SoCal Ports to Charge Carriers if Containers Linger
Faced with massive backlogs of containers at the ports in the San Pedro Bay, the operators of the two ports announced a new plan to charge new daily fees to the ocean carriers that permit containers to linger in the ports. Saying that the significant increase in dwell times experienced in ports is making it difficult to clear cargo off the terminals and bring in ships at anchor, the new measure is the latest effort to speed the movement of cargo at the ports of Los Angeles and Long Beach.
Beginning November 1, the ports will charge ocean carriers $100 per container, increasing in $100 increments per container per day, when cargo lingers at the terminals. Under the new policy, the surcharge is for containers scheduled to move by truck that remain in the port for more than nine days. For containers moving by rail, the surcharges begin if the container has dwelled for three days or more.
“We must expedite the movement of cargo through the ports to work down the number of ships at anchor,” said Port of Los Angeles Executive Director Gene Seroka. “Approximately 40 percent of the containers on our terminals today fall into the two categories. If we can clear this idling cargo, we’ll have much more space on our terminals to accept empties, handle exports, and improve fluidity for the wide range of cargo owners who utilize our ports.”
According to the ports, before the pandemic-induced import surge began in mid-2020, on average, containers for local delivery sat at container terminals under four days. Containers destined for trains dwelled less than two days in the past.
These actions come as the number of ships continues to rise. Over the weekend two more records were established according to the Marine Exchange of Southern California. Just days ago, it was 100 ships waiting, but over the weekend it reached 110 total vessels waiting outside the ports including 80 containerships. About half the vessels are actually at anchor with the remainder waiting further offshore.
“With the escalating backlog of ships off the coast, we must take immediate action to prompt the rapid removal of containers from our marine terminals,” said Port of Long Beach Executive Director Mario Cordero. “The terminals are running out of space, and this will make room for the containers sitting on those ships at anchor.”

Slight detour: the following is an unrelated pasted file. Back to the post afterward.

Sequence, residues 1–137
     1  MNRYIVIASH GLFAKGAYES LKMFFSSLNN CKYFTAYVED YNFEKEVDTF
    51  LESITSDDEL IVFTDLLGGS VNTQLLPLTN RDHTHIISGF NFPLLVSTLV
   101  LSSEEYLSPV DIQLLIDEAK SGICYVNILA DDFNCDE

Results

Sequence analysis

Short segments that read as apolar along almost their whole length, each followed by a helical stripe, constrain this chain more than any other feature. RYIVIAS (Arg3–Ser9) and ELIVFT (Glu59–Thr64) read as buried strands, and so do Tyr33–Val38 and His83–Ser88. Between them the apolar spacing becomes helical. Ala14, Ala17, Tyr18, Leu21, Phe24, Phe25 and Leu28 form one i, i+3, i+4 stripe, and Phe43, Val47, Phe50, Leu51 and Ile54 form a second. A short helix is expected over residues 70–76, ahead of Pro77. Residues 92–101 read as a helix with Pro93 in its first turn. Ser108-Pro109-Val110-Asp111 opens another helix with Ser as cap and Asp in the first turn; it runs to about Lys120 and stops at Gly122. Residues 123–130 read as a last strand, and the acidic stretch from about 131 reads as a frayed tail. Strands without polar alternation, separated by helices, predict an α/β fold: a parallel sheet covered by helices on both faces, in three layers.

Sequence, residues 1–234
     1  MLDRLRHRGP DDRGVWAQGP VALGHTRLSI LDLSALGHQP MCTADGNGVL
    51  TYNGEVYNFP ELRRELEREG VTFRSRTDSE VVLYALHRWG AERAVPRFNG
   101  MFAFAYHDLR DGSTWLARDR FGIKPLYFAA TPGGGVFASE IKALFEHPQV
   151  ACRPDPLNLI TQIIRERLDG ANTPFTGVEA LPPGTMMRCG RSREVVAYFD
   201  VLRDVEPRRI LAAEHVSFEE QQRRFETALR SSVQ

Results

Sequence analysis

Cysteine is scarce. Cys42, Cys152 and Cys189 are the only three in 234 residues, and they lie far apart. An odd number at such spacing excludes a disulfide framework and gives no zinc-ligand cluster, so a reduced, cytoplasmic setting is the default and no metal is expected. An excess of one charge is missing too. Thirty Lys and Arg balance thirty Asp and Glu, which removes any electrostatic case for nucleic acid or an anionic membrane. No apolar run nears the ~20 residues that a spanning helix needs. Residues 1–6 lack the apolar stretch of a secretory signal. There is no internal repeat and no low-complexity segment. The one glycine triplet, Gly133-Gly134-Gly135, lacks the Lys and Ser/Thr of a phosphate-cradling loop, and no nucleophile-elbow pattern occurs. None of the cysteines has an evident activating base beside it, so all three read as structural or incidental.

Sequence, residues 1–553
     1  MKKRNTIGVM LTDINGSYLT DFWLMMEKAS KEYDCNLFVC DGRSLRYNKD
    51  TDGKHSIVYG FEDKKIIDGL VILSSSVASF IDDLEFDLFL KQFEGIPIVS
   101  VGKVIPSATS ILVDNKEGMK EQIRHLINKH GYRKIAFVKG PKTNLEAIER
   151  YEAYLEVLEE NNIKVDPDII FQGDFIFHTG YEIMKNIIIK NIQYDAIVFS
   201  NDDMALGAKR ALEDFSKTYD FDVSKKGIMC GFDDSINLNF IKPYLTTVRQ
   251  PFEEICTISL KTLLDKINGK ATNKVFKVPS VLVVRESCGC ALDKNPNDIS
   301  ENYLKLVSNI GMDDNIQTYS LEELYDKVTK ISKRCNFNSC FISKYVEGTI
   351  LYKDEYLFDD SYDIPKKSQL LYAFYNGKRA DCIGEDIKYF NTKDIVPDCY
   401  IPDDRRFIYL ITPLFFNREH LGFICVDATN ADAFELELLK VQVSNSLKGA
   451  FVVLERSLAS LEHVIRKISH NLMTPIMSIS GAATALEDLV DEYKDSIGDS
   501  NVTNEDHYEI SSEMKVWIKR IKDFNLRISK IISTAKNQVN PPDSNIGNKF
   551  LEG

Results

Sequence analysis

Last week, California Governor Gavin Newsom order state agencies to find additional space for the storage of containers while the City of Long Beach is temporarily relaxing zoning rules to help address a desperate shortage of storage space for shipping containers. For the next three months, the city is temporarily relaxing zoning rules to permit higher stacking of containers on private property.
The actions by the two ports come as the industry is reportedly also holding meetings to develop its own voluntary protocols to reduce the number of vessels holding beyond the anchorage. The ports said that their new policy was developed in coordination with the Biden-Harris Supply Chain Disruptions Task Force, U.S. Department of Transportation, and multiple supply chain stakeholders. Previously, the Biden administration pressured both ports to open for around-the-clock, seven days a week, container operations, but reports indicate that with the lack of truckers the ports did not see a dramatic increase in movements.
“I support the actions taken by the ports of Los Angeles and Long Beach today to charge ocean carriers for lingering containers on marine terminals. These actions aim to expedite the movement of goods and reduce congestion in our ports,” said John D. Porcari, Port Envoy to the Biden-Harris Supply Chain Disruptions Task Force. “As our economy continues to grow, increased demand and disruptions caused by the pandemic are putting our supply chains to the test. While we’ve seen new records set in terms of throughput this year at West Coast ports, we need more players throughout the supply chain to keep stepping up. The federal government will continue to bring together private companies and stakeholders from across the supply chain and serve as an honest broker helping to surface solutions like this to address supply chain disruptions.”
Last week, during a town hall meeting broadcast on CNN, President Biden was asked if he would consider calling out the National Guard to handle containers and movement along the supply chain. He responded by saying that it was an option if the current actions did not produce the results they are looking for to reduce the congestion and backlogs.
For their part, the twin ports are promising that the fees collected from dwelling cargo will be re-invested for programs designed to enhance efficiency, accelerate cargo velocity, and address congestion impacts throughout the San Pedro Bay.